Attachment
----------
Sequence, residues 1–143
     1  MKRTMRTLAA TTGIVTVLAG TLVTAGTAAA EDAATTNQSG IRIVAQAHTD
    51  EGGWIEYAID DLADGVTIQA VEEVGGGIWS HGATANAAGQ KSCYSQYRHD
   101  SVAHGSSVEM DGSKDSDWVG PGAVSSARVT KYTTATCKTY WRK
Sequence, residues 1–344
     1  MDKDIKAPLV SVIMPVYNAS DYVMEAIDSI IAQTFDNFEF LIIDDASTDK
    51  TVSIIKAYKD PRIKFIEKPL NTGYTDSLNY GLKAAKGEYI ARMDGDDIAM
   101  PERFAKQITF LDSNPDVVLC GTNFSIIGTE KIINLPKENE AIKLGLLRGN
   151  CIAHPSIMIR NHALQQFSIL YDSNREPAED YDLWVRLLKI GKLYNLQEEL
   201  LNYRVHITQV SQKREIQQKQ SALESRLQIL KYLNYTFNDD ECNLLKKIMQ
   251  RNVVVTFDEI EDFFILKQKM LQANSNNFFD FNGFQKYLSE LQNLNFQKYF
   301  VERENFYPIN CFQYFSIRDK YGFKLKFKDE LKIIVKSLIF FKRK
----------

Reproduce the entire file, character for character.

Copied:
Sequence, residues 1–143
     1  MKRTMRTLAA TTGIVTVLAG TLVTAGTAAA EDAATTNQSG IRIVAQAHTD
    51  EGGWIEYAID DLADGVTIQA VEEVGGGIWS HGATANAAGQ KSCYSQYRHD
   101  SVAHGSSVEM DGSKDSDWVG PGAVSSARVT KYTTATCKTY WRK
Sequence, residues 1–344
     1  MDKDIKAPLV SVIMPVYNAS DYVMEAIDSI IAQTFDNFEF LIIDDASTDK
    51  TVSIIKAYKD PRIKFIEKPL NTGYTDSLNY GLKAAKGEYI ARMDGDDIAM
   101  PERFAKQITF LDSNPDVVLC GTNFSIIGTE KIINLPKENE AIKLGLLRGN
   151  CIAHPSIMIR NHALQQFSIL YDSNREPAED YDLWVRLLKI GKLYNLQEEL
   201  LNYRVHITQV SQKREIQQKQ SALESRLQIL KYLNYTFNDD ECNLLKKIMQ
   251  RNVVVTFDEI EDFFILKQKM LQANSNNFFD FNGFQKYLSE LQNLNFQKYF
   301  VERENFYPIN CFQYFSIRDK YGFKLKFKDE LKIIVKSLIF FKRK